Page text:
Creating a stopwatch for volcanic eruptions
We’ve long known that beneath the scenic landscapes of Yellowstone National Park sleeps a supervolcano with a giant chamber of hot, partly molten rock below it.
Though it hasn’t risen from slumber in nearly 70,000 years, many wonder when Yellowstone volcano will awaken and erupt again. According to new research at Arizona State University, there may be a way to predict when that happens.
While geological processes don’t follow a schedule, petrologist Christy Till, a professor in ASU’s School of Earth and Space Exploration, has produced one way to estimate when Yellowstone might erupt again.
“We find that the last time Yellowstone erupted after sitting dormant for a long time, the eruption was triggered within 10 months of new magma moving into the base of the volcano, while other times it erupted closer to the 10 year mark,” says Till.
The new study, published Wednesday in the journal Geology, is based on examinations of the volcano’s distant past combined with advanced microanalytical techniques. Till and her colleagues were the first to use NanoSIMS ion probe measurements to document very sharp chemical concentration gradients in magma crystals, which allow a calculation of the timescale between reheating and eruption for the magma.
This does not mean that Yellowstone will erupt in 10 months, or even 10 years. The countdown clock starts ticking when there is evidence of magma moving into the crust. If that happens, there will be some notice as Yellowstone is monitored by numerous instruments that can detect precursors to eruptions such as earthquake swarms caused by magma moving beneath the surface.
And if history is a good predictor of the future, the next eruption won’t be cataclysmic.
Geologic evidence suggests that Yellowstone has produced three enormous eruptions within the past 2.1 million years, but these are not the only type of eruptions that can occur. Volcanologists say there have been more than 23 smaller eruptions at Yellowstone since the last major eruption approximately 640,000 years ago. The most recent small eruption occurred approximately 70,000 years ago.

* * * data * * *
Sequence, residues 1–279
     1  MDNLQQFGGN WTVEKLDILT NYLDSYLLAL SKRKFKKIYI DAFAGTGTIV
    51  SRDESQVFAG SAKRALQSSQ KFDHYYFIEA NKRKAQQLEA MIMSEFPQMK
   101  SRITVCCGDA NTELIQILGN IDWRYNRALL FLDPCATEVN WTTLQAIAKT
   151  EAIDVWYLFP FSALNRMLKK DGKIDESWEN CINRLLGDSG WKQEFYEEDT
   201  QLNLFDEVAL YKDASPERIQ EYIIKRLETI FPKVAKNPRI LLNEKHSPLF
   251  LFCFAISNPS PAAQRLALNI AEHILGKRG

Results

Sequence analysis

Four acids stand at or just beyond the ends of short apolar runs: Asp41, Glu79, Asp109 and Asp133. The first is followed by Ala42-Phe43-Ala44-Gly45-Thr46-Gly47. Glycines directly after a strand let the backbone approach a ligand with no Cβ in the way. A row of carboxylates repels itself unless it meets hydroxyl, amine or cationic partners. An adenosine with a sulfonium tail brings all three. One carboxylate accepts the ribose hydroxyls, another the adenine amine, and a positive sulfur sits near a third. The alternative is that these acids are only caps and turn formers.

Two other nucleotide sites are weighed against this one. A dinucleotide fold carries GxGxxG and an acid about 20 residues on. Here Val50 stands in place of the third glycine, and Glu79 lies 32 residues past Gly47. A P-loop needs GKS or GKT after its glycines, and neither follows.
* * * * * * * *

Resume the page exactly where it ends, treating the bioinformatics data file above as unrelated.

If a magma doesn’t erupt, it will sit in the crust and slowly cool, forming crystals. The magma will sit in that state – mostly crystals with a tiny amount of liquid magma – for a very long time. Over thousands of years, the last little bit of this magma will crystallize unless it becomes reheated and reignites another eruption.
For Till and her colleagues, the question was, “How quickly can you reheat a cooled magma chamber and get it to erupt?”
Till collected samples from lava flows and analyzed the crystals in them with the NanoSIMS. The crystals from the magma chamber grow zones like tree rings, which allow a reconstruction of their history and changes in their environment through time.
“Our results suggest an eruption at the beginning of Yellowstone’s most recent volcanic cycle was triggered within 10 months after reheating of a mostly crystallized magma reservoir following a 220,000-year period of volcanic quiescence,” says Till. “A similarly energetic reheating of Yellowstone’s current sub-surface magma bodies could end approximately 70,000 years of volcanic repose and lead to a future eruption over similar timescales.”